Sadly, while the road is paved, it is a single lane highway (one lane in each direction) and you can only go 100 km/hr, so about 70 mph, if that. And since in Africa towns are built right near the highway for better access to bus transportation, you have to slow down to 35 mph every few miles. We also got stopped for speeding (about 5 miles over the limit), the fine was about $12, a lot of money for a Tanzanian (he’s been reimbursed by me since). There were police stops every few miles, sometimes they would wave us through, sometimes we had to stop. Sometimes they’d ask for your license, sometimes they’d want to know where you are going. There were new speed bumps absolutely everywhere in the towns. Maybe the government is trying to make money, or maybe they are just trying to make the roads safer now that there are more roads. Many chickens and probably not just chickens have lost their lives now that one can drive faster – on a dirt road car accidents are just about impossible because you can’t go fast enough. Unless you can’t navigate them and end up in a ditch. This is why we always have a local driver.
Our drive took us past the turn to Manyara national park just south of the escarpment where the continent is drifting apart due to tectonic plate movement (no worries, it’s a slow process), past Tarangire national park and then slowly turning south to Dodoma. The first part of the drive took us through flat land, then through a lush forested mountainous region with banana plantations and wild growing rice, and finally through 100 miles of wide open land with baobab trees. Since it was winter, the baobabs didn’t have leaves, which made the area look very deserted.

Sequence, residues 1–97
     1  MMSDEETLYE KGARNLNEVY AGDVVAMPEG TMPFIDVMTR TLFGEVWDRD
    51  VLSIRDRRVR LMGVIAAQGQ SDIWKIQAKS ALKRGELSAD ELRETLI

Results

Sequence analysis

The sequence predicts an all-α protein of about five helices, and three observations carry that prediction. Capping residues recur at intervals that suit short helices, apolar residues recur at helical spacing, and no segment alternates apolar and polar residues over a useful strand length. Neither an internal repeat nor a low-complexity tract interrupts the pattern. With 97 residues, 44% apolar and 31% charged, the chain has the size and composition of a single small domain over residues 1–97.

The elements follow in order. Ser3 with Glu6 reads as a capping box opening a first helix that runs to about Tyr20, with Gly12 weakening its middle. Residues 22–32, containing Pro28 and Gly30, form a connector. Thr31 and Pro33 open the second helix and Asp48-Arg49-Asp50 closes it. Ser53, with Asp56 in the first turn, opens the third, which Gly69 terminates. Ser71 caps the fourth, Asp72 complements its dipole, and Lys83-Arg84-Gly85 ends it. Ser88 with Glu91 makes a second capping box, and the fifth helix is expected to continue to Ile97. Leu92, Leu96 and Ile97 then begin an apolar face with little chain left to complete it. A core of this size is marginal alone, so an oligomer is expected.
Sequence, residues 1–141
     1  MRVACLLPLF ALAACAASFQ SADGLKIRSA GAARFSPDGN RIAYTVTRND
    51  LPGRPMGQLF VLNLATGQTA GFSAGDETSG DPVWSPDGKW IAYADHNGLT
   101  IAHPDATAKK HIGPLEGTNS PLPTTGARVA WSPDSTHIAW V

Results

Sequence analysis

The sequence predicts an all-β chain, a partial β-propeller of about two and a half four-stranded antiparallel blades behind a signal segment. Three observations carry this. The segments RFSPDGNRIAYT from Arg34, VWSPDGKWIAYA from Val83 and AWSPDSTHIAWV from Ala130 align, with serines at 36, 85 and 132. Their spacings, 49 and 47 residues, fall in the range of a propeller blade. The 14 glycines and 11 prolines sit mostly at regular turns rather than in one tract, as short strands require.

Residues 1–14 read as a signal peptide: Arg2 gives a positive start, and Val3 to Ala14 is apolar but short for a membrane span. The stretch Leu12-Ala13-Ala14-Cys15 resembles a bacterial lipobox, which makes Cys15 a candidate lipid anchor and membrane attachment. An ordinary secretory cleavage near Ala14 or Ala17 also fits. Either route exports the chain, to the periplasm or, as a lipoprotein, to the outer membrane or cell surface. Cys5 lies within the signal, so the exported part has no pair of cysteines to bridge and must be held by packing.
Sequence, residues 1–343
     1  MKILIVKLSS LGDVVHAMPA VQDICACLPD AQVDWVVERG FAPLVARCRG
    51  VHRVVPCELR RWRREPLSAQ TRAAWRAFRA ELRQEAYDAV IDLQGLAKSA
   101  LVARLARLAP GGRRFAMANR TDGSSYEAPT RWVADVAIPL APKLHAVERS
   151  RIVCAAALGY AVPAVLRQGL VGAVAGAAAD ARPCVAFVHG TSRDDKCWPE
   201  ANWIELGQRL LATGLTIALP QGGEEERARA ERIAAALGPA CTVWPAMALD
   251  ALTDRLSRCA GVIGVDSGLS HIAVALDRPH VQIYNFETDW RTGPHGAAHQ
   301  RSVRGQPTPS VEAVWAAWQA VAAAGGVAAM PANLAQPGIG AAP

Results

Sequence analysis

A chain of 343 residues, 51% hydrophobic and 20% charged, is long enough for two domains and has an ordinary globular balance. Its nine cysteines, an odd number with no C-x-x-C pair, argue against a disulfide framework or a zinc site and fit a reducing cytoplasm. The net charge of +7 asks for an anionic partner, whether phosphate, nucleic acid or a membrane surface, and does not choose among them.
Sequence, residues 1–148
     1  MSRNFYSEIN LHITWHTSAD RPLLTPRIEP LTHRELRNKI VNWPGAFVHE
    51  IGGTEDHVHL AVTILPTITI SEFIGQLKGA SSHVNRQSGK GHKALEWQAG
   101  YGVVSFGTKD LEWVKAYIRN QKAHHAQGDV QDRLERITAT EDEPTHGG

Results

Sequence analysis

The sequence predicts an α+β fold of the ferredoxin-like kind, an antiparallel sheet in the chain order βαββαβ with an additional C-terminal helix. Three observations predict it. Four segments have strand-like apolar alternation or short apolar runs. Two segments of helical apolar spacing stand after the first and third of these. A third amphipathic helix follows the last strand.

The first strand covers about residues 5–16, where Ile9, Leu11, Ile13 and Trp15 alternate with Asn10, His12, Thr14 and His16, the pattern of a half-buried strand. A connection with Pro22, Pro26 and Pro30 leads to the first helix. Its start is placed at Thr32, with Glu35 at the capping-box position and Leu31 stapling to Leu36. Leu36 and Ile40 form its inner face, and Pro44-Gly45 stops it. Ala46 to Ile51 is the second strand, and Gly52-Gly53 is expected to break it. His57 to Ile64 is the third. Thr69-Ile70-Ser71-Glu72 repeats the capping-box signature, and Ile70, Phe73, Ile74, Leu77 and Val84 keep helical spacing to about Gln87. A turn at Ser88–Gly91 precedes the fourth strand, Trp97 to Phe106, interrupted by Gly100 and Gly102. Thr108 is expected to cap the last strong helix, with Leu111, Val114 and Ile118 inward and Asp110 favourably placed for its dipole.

By about 4 p.m. we finally got to Dodoma; we turned west to the (also paved) road towards Dar Al Salaam for another 75 minutes, then headed south towards Kongwa. That road turned out to be partly paved as well, with much construction still under way. In fact it was kind of funny seeing gas stations along the way and then a few miles of dirt road, then paved road again with gas stations. I wondered how they managed to get the gas to those gas stations, not to mention the building materials to put it there in the first place.
Kongwa Guest House